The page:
THURSDAY, Aug. 1, 2019 (HealthDay News) -- Americans could import less expensive prescription drugs from Canada under a plan being developed by the Trump administration.
Canada and other developed countries can make deals with pharmaceutical companies to bring down prices, but the United States bars Medicare from negotiating drug prices. One method proposed by Trump's team is to import certain drugs from Canada that are versions of drugs approved by the U.S. Food and Drug Administration. It would have to be shown that the drugs are safe and would provide significant savings to Americans. The second proposal would enable manufacturers of FDA-approved drugs to import versions of those drugs they sell in other countries.
Americans benefiting the most from the new plan would be patients with significantly pricey prescription medications. These medications include insulin and drugs for rheumatoid arthritis, cardiovascular disorders, and cancer, according to the U.S. Department of Health and Human Services.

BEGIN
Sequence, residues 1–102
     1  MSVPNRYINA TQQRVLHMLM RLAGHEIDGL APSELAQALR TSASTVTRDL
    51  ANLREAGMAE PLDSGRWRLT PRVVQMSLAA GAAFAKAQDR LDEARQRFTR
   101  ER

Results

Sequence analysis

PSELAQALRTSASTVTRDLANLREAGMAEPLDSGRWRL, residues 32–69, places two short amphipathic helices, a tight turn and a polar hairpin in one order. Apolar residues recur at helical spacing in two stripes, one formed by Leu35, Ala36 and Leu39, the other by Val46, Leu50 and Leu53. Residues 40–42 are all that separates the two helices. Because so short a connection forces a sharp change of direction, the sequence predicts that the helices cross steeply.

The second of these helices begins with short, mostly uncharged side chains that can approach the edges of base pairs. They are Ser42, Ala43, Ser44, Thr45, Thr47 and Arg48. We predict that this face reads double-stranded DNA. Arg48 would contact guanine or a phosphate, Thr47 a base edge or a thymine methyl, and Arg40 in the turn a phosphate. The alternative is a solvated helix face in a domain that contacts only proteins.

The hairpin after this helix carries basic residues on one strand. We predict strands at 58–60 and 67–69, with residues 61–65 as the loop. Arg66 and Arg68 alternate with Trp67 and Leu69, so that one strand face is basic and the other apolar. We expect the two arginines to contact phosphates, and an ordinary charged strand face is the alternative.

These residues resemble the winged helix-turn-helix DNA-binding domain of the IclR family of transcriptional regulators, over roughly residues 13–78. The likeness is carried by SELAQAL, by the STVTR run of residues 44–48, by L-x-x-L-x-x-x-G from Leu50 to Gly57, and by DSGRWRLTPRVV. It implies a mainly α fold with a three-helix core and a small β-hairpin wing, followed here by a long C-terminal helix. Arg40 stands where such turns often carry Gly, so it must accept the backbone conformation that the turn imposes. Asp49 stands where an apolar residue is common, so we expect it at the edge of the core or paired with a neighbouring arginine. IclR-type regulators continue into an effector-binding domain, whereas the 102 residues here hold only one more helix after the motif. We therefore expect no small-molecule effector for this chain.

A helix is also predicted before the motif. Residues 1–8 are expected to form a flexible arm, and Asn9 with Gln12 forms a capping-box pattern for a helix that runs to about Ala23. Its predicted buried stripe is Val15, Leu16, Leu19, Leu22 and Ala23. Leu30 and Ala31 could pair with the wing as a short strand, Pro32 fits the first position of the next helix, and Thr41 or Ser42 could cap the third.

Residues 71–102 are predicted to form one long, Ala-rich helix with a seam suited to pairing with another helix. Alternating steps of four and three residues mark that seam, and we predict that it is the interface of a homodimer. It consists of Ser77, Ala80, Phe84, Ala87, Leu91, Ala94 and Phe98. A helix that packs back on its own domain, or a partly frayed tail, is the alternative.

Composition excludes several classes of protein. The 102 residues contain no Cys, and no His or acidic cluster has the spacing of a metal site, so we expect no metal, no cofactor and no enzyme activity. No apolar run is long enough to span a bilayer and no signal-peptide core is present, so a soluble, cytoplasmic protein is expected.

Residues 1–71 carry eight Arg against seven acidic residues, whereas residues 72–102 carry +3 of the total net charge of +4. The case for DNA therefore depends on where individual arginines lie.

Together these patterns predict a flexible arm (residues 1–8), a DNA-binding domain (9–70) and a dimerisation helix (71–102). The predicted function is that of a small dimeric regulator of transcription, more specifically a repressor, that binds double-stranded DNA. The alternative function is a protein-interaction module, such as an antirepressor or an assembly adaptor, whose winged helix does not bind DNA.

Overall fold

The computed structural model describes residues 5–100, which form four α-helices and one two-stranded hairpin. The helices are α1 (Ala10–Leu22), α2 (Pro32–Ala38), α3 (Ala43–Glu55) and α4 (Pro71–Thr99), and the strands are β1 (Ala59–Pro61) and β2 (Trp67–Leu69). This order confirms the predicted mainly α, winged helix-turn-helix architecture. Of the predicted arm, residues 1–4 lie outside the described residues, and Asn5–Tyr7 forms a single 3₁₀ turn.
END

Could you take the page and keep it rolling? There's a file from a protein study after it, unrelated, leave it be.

PhRMA, a trade group representing the drug industry, said the new plan is ill-advised. "The administration's importation scheme is far too dangerous for American patients," PhRMA president and CEO Stephen Ubl said in a statement. "There is no way to guarantee the safety of drugs that come into the country from outside the U.S. gold-standard supply chain. Drugs coming through Canada could have originated from anywhere in the world and may not have undergone stringent review by the FDA. Moreover, Canadian officials have said that the policy is unworkable and they will not risk shortages by diverting their medicine supply to the United States."